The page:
A new business is challenged to persuade existing competitors’ customers to switch to those offered by the new company. If there is no current competitor, then the challenge is to persuade the customer of the benefits of purchasing a product or service at all. Changing potential customer behaviors is one of the biggest challenges faced by a new venture, and requires the new venture to provide evidence of significant benefits over current solutions or non-consumption. Evidence is required that product or service features offer significant benefits over currently available products or services, sufficient to make people change their current product use, either by switching from non-consumption, or away from a current supplier. It is important that the entrepreneur can actually provide some evidence of customer demand, and that identical features are not readily available from the main competitor. In some cases, product features are intertwined with a new business model that can foster a truly disruptive company, alternatively, the development of a novel business model can create a competitive advantage that better meets customer requirements and offers a substantive value proposition to a potential customer. Without the ability to offer something novel and unique, that the customer cannot readily obtain elsewhere, the venture should be rated as a red light (C).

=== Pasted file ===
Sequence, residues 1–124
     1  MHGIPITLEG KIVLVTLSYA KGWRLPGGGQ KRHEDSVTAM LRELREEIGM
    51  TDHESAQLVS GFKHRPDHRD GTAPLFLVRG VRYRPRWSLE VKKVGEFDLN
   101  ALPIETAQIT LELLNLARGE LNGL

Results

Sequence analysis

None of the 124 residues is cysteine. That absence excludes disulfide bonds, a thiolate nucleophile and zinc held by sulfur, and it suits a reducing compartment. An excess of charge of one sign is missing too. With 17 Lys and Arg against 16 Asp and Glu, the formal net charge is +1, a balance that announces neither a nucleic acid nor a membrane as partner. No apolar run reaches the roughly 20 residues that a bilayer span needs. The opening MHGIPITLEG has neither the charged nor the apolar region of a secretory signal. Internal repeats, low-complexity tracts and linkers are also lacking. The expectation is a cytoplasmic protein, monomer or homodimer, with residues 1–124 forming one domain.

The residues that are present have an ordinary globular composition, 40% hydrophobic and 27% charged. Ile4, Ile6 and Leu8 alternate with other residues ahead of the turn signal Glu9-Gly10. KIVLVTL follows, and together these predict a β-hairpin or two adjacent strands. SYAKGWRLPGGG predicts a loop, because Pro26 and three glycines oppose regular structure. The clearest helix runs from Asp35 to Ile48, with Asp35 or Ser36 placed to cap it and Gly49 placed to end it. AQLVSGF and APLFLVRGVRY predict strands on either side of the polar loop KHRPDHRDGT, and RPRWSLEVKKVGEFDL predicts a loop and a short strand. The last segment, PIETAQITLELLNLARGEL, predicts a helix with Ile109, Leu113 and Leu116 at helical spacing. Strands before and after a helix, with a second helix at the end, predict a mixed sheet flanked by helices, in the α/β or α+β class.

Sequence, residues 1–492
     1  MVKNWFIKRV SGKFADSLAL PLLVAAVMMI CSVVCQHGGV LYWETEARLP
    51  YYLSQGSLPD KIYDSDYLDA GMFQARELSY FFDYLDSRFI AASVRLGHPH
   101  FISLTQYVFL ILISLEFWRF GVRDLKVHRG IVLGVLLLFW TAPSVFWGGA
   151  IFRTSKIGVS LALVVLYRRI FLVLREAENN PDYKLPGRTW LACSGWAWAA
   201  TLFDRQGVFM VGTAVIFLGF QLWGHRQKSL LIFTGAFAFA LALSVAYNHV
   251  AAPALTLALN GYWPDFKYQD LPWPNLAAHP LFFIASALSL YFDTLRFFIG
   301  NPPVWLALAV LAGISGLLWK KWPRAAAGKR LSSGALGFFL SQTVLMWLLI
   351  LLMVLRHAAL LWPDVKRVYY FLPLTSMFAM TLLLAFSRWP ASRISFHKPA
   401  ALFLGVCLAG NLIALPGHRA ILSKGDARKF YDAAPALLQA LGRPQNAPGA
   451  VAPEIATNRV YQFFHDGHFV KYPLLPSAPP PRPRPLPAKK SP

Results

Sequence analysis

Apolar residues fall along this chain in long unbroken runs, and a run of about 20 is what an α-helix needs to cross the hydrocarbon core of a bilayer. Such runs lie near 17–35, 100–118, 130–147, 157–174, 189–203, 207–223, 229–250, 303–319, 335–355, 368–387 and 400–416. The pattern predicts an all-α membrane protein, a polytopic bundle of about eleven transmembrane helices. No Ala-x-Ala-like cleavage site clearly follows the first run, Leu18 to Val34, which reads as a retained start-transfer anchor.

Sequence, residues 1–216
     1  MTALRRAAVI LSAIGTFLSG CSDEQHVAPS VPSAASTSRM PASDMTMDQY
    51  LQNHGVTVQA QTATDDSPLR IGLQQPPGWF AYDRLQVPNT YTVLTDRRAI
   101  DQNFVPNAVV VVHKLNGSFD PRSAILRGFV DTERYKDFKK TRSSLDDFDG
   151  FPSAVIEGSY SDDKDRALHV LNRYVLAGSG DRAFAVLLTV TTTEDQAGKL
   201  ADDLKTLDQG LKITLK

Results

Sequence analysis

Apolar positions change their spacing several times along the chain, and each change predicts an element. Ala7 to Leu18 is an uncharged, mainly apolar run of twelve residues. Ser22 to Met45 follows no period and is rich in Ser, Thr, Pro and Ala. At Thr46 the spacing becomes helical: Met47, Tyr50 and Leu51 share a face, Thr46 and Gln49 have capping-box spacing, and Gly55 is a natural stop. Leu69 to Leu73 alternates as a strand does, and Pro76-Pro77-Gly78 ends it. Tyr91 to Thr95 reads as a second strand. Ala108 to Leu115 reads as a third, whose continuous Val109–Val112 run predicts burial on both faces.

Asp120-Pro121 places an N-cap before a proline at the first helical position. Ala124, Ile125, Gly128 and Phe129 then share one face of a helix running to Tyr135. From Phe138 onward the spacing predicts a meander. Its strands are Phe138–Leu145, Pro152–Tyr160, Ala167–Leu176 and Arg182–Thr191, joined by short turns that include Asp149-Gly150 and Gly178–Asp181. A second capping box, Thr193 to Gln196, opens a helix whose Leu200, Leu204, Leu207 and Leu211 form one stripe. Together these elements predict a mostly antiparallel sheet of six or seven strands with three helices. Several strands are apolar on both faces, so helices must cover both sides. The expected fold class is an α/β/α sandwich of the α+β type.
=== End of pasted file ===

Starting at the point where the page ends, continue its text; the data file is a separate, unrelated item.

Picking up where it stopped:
Launching a new product or service has inherent technology risk related to performance of the product/service and the supply chain. At the point that an idea moves from a research project to a venture, the entrepreneur must provide evidence that the product or service is “market ready”. Evidence that most of the technology risks, associated with product development, manufacturability or technology implementation have been addressed, is required. Evidence that these risks have been addresses can be seen if the technology is used in another application, the use of a reliable technology supplier, or evidence of third party or expert technology performance. Alternatively, there may be evidence that the path to addressing identified technology risks is well known to the entrepreneur, or evidence that the proposed technology risk mitigation strategies are likely to be successful. Confidence in the reduction of technology risk in a new venture can be seen in the form of working prototypes, strategic partnerships with competent suppliers, or third party performance evidence. If technology risks are still seen as high, or are not properly identified, then this factor should be rated as a red light (C).